ERIC Number: ED113022
Record Type: RIE
Publication Date: 1975-Apr-13
Reference Count: 0
Test Anxiety and Off-Task Behavior in Evaluative Situations.
Nottelmann, Editha D.
An experiment was performed to assess if, and how, attention to a problem solving task varies with anxiety level. It was hypothesized that high anxious children would glance away from a task more often than less anxious children, in light of research literature which suggests that high anxious children are inattentive to tasks in order to avoid evaluation. Subjects were 48 fourth and fifth graders. The children were videotaped through a one-way mirror while they performed timed anagram tasks in the presence of a male experimenter working on a similar task. Results showed that less anxious children performed better at the anagram task than anxious children. High anxious children also were observed to engage in significantly more off-task behavior and more glancing away from their task than less anxious children. Research on family interaction patterns associated with high and low levels of anxiety and distractibility in fourth and fifth graders is discussed in view of the results of this study. It is suggested that parents of highly distractible and anxious children may be teaching their children to respond to problem-solving situations with task-inappropriate and dependent behavior, at the expense of task performance. (BRT)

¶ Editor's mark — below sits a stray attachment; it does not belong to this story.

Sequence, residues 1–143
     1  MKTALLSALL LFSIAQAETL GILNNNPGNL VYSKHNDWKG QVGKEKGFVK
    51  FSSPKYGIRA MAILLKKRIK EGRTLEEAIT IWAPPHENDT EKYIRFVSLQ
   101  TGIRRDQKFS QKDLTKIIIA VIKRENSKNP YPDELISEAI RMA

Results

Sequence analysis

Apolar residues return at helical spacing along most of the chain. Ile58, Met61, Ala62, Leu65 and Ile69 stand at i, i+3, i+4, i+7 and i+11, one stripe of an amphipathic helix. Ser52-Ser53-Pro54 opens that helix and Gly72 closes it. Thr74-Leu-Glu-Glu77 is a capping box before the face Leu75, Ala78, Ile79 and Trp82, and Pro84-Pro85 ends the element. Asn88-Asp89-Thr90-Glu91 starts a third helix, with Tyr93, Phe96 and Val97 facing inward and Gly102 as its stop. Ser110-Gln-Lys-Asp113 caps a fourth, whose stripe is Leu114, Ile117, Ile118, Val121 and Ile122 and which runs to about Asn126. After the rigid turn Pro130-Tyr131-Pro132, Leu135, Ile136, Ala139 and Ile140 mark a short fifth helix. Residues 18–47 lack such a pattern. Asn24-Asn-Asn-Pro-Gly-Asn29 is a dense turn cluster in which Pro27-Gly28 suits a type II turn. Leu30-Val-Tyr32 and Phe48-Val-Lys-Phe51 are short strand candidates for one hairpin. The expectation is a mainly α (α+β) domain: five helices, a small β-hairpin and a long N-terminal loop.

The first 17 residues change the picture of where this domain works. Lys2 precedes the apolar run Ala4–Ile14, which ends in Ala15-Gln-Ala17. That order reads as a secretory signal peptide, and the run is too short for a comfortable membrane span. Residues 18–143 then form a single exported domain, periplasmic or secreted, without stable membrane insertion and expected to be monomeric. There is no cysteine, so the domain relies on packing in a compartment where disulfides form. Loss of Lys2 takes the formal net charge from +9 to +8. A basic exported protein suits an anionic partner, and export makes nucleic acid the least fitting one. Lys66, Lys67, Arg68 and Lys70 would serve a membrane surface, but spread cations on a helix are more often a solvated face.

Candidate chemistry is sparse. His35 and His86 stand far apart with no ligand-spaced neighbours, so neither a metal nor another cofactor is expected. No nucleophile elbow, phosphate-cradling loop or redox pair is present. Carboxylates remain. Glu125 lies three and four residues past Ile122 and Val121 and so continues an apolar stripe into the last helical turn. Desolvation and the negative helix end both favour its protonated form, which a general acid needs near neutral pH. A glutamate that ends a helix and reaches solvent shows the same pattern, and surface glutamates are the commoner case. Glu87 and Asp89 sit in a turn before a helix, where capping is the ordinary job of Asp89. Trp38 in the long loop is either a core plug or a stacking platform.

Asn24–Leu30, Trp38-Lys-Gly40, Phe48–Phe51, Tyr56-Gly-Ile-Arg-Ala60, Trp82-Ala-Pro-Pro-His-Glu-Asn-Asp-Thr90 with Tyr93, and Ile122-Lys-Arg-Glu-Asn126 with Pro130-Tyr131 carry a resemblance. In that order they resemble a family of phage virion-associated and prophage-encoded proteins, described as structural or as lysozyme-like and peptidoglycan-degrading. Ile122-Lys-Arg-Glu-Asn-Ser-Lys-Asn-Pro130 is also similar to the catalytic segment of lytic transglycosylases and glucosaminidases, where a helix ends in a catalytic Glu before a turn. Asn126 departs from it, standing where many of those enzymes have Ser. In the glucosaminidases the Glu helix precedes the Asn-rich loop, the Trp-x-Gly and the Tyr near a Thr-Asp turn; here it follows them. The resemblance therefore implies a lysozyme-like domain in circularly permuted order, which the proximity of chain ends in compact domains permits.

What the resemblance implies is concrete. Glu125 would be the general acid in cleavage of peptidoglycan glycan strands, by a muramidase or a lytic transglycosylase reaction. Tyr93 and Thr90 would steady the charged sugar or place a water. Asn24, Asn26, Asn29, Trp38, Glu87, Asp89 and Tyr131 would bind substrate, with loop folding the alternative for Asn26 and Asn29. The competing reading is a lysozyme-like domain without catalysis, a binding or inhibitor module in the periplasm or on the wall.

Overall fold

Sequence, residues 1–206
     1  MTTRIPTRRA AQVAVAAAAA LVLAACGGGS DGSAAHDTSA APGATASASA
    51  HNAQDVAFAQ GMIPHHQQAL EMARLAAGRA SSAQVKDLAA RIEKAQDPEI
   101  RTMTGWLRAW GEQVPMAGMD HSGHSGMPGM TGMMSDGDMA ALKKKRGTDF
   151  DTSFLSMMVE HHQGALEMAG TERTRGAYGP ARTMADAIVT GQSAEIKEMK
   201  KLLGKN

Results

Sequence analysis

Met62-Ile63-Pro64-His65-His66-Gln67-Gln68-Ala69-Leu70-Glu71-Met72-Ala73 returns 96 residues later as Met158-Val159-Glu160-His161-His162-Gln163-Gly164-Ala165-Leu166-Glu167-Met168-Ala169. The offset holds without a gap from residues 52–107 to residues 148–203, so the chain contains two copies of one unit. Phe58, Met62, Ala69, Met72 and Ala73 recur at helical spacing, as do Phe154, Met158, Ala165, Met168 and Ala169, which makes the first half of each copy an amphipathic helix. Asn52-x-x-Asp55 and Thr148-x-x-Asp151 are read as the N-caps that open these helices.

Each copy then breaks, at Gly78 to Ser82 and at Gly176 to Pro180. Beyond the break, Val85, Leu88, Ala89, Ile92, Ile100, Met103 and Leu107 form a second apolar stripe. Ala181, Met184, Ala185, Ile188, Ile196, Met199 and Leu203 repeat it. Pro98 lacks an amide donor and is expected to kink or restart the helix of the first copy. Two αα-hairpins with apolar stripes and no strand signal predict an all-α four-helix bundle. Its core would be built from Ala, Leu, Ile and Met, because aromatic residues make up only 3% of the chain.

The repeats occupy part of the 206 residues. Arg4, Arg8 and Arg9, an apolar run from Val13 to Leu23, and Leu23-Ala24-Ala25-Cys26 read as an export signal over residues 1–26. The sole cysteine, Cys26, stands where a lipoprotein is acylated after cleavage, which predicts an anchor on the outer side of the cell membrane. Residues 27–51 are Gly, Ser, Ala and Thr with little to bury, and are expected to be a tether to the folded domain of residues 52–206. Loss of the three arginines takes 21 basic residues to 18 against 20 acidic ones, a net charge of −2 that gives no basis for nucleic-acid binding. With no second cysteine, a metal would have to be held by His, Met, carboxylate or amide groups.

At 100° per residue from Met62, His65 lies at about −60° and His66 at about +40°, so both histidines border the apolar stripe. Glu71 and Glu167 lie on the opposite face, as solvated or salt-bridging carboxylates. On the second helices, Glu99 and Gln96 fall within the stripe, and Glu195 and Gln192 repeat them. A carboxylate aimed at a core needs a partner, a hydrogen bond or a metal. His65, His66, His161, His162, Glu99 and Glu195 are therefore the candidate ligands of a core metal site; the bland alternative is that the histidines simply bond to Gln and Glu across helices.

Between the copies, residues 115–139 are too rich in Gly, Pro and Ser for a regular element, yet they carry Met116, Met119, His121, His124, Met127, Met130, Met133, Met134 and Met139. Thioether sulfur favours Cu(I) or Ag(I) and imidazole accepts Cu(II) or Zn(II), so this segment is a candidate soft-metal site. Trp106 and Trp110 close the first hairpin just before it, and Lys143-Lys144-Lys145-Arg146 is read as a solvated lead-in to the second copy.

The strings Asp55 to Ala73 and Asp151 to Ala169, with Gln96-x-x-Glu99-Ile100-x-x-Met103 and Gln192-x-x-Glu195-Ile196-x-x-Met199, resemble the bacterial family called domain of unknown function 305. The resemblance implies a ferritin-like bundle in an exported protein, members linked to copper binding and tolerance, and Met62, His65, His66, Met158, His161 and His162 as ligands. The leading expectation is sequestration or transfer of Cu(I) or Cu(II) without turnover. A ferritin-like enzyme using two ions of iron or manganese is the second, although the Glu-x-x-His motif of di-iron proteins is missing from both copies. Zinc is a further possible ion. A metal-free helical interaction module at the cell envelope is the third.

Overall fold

Publication Type: Speeches/Meeting Papers
Education Level: N/A
Sponsor: National Inst. of Education (DHEW), Washington, DC.
Authoring Institution: N/A
Note: Paper presented at the Biennial Meeting of the Society for Research in Child Development (Denver, Colorado, April 10-13, 1975)